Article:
Terrorism Current Affairs
United States and Morocco have launched GCTF Terrorist Travel Initiative under auspices of Global Counterterrorism Forum (GCTF). The initiative brings together stakeholders to share expertise on developing and implementing effective counterterrorism watchlisting and screening tools. It was launched on sidelines of United Nations General Assembly (UNGA) session in New York.
GCTF Terrorist Travel Initiative
The new initiative will strengthen UNSC Resolution 2396 aiming to stop terrorist travel altogether. It will improve capabilities for detecting and interdicting terrorist travel through enhanced terrorist screening and information sharing.
It will bring together national and local governments, law enforcement and border screening practitioners and international organizations to share expertise to develop and implement effective counterterrorism watchlisting and screening tools.
Under this initiative, series of four regional workshops in 2018 and 2019 will be convened to develop set of good practices that will be endorsed at 2019 GCTF Ministerial. The resulting document will reinforce countries and organizations to use border security tools prescribed in UNSC Resolution 2396 to stop terrorist travel.
UN Security Council (UNSC) had unanimously adopted resolution 2396 (UNSCR 2396) in December 2017 requiring all member states to use various tools, including by implementing systems to collect traveler data and develop watchlists of known and suspected terrorists. One of the most effective tools to counter terrorist travel was through traveler data such as Advanced Passenger Information (API), Passenger Name Record (PNR), and biometrics.
Global Counterterrorism Forum (GCTF)
GCTF’s is international apolitical, multilateral counter-terrorism (CT) platform of 29 countries and European Union (EU) with overarching mission of reducing vulnerability of people worldwide to terrorism by preventing, combating, and prosecuting terrorist acts and countering incitement and recruitment to terrorism. It was launched officially in New York on 22 September 2011.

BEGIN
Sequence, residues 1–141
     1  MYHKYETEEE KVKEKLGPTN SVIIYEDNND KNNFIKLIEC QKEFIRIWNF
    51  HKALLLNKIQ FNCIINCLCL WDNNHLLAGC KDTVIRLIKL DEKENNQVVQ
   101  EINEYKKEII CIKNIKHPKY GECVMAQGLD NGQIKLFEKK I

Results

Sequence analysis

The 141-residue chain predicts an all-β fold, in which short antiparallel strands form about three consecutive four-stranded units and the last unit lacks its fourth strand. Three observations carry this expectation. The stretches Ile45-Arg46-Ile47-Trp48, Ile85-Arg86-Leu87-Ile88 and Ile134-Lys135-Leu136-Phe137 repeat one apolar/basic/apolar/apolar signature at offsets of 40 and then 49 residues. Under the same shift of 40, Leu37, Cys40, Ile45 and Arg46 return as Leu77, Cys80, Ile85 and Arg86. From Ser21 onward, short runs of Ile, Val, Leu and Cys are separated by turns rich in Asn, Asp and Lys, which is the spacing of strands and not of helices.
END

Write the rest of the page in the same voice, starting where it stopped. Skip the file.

GCTF’s goal is to strengthen capabilities to develop strategic, long-term approach to counter terrorism and prevent violent extremist ideologies that underpin it. Its mission is to diminish terrorist recruitment and increase countries’ civilian capabilities for dealing with terrorist threats within their borders and regions.
According to review by Asia Pacific Policy Group on Money Laundering (APPG), Pakistan’s recent action against terror financing, particularly on legal front were found to be “unsatisfactory” despite it was placed on the Financial Action Task Force (FATF) grey list in February 2018 for failing to curb terror funding. APPG examines cases of all countries on the grey and black lists and reports to FATF.
It was held in September 2018 in Jakarta, Indonesia. It observed that Pakistan has not achieved much, especially on legal side (like freezing of assets, attachment of funds, militant groups infrastructures etc). It also reviewed Pakistan on its compliance with 26-point action plan, which it had submitted to FATF in Februarys 2018 to choke funding of militants groups. Based on its observations, APPG will report the unsatisfactory performance by Pakistan to the FATF, at its plenary in Paris, France in October 2018. Another APPG review for Pakistan will be held in December 2018 following which final evaluation report will be prepared.
The development comes as major setback for newly elected Pakistan Prime Minister Imran Khan, who was hoping that FAFT will be lenient in review given Pakistan’s commitment to 26-point action plan spanning over period of 15 months. Grey listing will squeeze Pakistan’s economy and make it harder to meet its mounting foreign financing needs, including potential future borrowings from IMF.
It will endanger Pakistan’s handful of remaining banking links to outside world, causing real financial pain to the economy. It will lead to downgrading of Pakistan’s debt ratings by international banking and credit rating agencies, making it more difficult to tap funds from international bond markets. It will also suspend international funds and aid to Pakistan such as Coalition Support Funds (CSF), money which US owes to Pakistan for military operations.
The process to include Pakistan in list began in February 2018 when FATF approved nomination for monitoring under its International Cooperation Review Group (ICRG) commonly known as Grey List. The resolution against Pakistan was moved by US which said that Pakistan is not doing enough to comply with anti-terrorist financing and anti-money laundering regulations. India also had lobbied hard with US for monitoring of Pakistan while highlighting funding of terrorist activities. Pakistan was on watch-list between 2012 and 2015 as well but then it was only for money laundering and not terror financing.
Asia Pacific Group on Money Laundering (APG)
It is FATF-style regional body for Asia-Pacific region. It is inter-governmental (international) organisation founded in 1997 in Bangkok, Thailand. It consists of 41 member jurisdictions and number of observer jurisdictions and international/regional observer organisations. It is focused on ensuring that its members effectively implement international standards against money laundering, terrorist financing and proliferation financing related to weapons of mass destruction.